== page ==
Well-known columnist George Will has a piece
up at the Washington Post
all about the terrible dilemma that drug prohibition - and its opposite, drug legalization - presents: a tradeoff between public health and crime.
Noting that alcohol prohibition in the 1920s was, contrary to what some believe, actually pretty effective in reducing alcohol consumption and associated health risks, Will acknowledges the rampant criminal behavior and violence that went along with efforts to suppress its sale.
And that, he says, is exactly the combination of good and bad that we face today in any discussion about legalization of illicit drugs. Relying on the expertise of drug policy guru Mark Kleiman
among others, Will opines:
Legalization would mean drugs available from clean stores for customers not risking the stigma of breaking the law in furtive transactions with unsavory people.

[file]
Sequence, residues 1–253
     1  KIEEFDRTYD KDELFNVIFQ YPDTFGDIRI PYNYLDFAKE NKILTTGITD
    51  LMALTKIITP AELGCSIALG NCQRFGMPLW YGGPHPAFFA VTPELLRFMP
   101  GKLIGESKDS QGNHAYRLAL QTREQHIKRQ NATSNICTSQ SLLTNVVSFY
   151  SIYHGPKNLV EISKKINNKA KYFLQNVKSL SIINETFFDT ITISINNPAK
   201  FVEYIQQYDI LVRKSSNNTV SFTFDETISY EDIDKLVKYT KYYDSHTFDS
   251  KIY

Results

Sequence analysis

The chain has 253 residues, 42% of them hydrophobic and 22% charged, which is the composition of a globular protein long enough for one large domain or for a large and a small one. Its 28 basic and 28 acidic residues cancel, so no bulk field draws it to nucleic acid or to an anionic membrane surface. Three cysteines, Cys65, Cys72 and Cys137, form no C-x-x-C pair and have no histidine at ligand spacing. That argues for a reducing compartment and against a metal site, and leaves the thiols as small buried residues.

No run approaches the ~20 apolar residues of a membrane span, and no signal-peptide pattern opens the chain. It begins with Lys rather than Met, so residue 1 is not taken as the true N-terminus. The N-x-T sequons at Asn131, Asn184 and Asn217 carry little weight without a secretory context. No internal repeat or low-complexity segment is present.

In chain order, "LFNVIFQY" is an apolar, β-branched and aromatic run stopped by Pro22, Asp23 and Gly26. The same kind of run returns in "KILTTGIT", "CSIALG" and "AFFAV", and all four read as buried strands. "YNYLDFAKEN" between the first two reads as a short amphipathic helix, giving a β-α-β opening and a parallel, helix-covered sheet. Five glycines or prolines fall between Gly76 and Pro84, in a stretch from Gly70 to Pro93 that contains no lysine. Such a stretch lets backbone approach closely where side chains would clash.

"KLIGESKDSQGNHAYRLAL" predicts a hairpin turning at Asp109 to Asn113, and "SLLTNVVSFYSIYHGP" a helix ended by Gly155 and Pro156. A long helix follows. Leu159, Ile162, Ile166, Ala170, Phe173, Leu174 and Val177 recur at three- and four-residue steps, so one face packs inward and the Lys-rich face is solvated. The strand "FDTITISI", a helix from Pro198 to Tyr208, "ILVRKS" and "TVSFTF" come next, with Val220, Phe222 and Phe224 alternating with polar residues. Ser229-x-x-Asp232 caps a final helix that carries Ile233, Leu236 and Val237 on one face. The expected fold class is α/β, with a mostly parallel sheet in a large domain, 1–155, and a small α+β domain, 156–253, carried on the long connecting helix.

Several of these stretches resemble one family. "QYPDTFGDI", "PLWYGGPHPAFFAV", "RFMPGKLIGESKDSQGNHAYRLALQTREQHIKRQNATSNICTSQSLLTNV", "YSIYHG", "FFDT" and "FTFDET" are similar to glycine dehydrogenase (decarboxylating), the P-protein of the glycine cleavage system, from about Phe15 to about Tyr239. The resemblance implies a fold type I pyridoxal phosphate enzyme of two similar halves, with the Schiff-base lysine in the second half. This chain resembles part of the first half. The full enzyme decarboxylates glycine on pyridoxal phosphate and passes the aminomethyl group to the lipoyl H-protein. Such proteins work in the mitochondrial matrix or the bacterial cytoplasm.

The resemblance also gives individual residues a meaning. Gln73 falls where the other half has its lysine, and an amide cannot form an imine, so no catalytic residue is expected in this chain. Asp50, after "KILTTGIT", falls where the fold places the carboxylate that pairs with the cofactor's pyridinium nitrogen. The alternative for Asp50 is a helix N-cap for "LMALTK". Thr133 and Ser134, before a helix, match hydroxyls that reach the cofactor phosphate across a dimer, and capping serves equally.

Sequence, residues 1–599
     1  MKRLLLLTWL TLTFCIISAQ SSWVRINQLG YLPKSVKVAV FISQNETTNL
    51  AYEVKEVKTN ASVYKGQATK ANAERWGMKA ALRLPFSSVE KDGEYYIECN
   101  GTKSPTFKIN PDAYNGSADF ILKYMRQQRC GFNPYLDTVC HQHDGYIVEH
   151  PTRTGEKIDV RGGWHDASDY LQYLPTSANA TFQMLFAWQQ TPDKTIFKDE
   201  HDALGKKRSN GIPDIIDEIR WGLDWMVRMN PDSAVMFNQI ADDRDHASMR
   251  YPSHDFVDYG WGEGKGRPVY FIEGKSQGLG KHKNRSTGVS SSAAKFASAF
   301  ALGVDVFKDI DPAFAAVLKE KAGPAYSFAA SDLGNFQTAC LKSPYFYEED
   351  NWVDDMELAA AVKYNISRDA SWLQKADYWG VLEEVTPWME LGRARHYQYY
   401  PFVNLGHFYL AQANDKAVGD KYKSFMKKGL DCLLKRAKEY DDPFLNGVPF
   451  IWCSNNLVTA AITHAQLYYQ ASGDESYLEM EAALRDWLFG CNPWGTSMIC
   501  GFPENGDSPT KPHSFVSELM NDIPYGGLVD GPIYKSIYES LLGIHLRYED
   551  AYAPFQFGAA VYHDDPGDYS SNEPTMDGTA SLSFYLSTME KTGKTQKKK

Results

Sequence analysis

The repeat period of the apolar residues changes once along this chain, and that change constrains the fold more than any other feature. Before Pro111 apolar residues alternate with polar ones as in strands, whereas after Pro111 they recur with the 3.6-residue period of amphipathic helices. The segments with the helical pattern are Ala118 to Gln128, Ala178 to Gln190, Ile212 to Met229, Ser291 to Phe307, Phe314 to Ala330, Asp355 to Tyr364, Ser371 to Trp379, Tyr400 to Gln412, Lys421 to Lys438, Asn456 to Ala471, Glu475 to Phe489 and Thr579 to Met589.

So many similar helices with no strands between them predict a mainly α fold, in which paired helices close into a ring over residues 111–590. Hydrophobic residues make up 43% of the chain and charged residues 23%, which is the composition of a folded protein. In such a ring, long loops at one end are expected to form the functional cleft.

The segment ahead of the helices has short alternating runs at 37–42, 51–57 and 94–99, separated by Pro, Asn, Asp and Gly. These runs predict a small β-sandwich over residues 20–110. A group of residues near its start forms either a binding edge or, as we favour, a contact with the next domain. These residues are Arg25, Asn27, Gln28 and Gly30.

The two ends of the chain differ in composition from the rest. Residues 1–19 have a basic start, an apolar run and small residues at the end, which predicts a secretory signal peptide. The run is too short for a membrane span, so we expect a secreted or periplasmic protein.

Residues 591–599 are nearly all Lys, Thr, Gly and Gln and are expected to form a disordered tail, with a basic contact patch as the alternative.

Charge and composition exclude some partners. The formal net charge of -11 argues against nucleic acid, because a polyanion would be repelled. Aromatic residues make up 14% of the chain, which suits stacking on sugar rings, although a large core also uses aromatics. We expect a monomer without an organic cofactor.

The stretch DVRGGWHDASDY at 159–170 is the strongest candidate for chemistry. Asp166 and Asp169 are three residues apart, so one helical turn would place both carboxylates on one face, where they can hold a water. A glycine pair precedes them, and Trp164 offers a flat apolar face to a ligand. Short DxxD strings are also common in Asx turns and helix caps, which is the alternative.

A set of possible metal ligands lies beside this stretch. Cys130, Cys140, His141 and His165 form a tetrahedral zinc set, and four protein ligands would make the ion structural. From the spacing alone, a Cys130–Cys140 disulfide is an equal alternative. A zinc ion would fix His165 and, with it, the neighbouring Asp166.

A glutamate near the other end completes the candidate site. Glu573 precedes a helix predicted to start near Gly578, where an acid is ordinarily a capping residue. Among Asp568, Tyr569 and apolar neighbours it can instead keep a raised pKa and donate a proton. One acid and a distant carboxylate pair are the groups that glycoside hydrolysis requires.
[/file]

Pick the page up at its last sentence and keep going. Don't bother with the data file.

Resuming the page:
Still, because the costs of prohibition - interdiction, mass incarceration, etc. - are staggeringly high, some people say, 'Let's just try legalization for a while.'
Will presents no easy answers, but promises in a forthcoming column to "suggest a more economic approach to the 'natural' problem of drugs."
Where do you come down? Would you legalize drugs? All of them? Some of them?